The court fined Dow Jones Publishing Co. Asia , a subsidiary of News Corp. The ruling related to two editorials and a letter to the editor that the attorney general said were guilty of "scandalizing the court" by impugning the integrity, impartiality and independence of Singapore's courts. The published items "contained insinuations of bias, lack of impartiality and lack of independence" on the part of Singapore's judiciary, wrote Judge Tay Yong Kwang in the ruling. Dow Jones expressed disappointment with the decision. We will in the future continue to defend the right of The Wall Street Journal Asia to report and comment on matters of international importance, including matters concerning Singapore.
Wall Street Journal to stop print in Singapore along with Hong Kong
Singapore Strikes Again - WSJ
The Asian Wall Street Journal and its editor apologized to Singapore's High Court today for committing contempt of court in an editorial published in The Journal last month. The editorial commented on a recent trial in Singapore in which the leader of the opposition Workers Party, J. Jeyaretnam, was found guilty of making a false declaration about his party's accounts in Tan told Judge T. Sinnathuray that the article sought to bring into contempt the district judge who convicted Mr.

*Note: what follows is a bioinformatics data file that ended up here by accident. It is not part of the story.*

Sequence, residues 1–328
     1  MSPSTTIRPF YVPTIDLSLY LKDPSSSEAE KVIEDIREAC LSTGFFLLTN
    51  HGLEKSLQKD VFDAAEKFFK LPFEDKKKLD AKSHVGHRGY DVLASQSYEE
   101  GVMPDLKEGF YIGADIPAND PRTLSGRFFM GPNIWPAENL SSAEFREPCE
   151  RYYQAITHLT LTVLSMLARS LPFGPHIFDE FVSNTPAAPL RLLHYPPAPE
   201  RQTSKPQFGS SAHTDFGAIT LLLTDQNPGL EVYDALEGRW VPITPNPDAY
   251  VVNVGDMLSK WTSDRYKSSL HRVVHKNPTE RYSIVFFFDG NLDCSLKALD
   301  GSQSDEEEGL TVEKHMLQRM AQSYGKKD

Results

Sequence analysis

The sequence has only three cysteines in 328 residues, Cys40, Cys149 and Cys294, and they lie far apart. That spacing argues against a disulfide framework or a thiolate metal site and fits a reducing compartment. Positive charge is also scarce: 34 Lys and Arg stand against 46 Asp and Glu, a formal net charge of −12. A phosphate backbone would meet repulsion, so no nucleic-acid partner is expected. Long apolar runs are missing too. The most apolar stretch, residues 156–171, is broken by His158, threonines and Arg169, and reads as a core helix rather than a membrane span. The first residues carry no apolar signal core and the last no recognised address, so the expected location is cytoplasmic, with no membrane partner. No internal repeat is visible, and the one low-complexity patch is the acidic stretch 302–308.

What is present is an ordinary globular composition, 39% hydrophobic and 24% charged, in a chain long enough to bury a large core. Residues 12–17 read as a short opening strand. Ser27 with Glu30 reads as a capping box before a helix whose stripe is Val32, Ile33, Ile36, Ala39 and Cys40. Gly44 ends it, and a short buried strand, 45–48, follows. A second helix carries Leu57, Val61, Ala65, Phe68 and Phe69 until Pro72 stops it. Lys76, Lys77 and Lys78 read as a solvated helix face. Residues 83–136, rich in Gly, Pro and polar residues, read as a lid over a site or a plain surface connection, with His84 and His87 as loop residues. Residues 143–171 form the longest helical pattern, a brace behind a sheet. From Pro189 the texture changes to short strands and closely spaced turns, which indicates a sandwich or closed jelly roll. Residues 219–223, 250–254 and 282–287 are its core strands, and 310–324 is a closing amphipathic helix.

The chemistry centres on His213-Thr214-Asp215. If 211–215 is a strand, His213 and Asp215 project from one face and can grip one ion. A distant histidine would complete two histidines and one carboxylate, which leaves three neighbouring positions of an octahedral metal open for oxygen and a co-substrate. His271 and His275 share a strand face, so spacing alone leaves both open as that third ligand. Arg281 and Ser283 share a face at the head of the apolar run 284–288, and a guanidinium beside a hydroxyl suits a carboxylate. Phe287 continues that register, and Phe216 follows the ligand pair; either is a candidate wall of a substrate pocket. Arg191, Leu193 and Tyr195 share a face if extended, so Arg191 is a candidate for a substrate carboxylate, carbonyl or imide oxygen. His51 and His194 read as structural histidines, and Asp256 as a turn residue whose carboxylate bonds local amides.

As vaccine supplies open up, Indonesia, Malaysia and the Philippines are shifting away from their reliance on Chinese vaccines. A blast killed at least nine Chinese nationals traveling in a bus in northern Pakistan, along with at least four Pakistanis, a local official said. Thailand and Indonesia say they will give a booster shot to healthcare workers who received the Sinovac inoculation. The North Korean leader has demoted top officials and criticized technocrats as the country faces the worst home-front crisis of his nearly decadelong reign. The U.
Let us begin with an apology to our readers in Asia. Unless they are online, they will not see this editorial. For legal reasons, we are refraining from publishing it in The Wall Street Journal Asia, which circulates in Singapore. Our subject is free speech and the rule of law in the Southeast Asian city-state -- something on which the international press and Singapore's government have often clashed.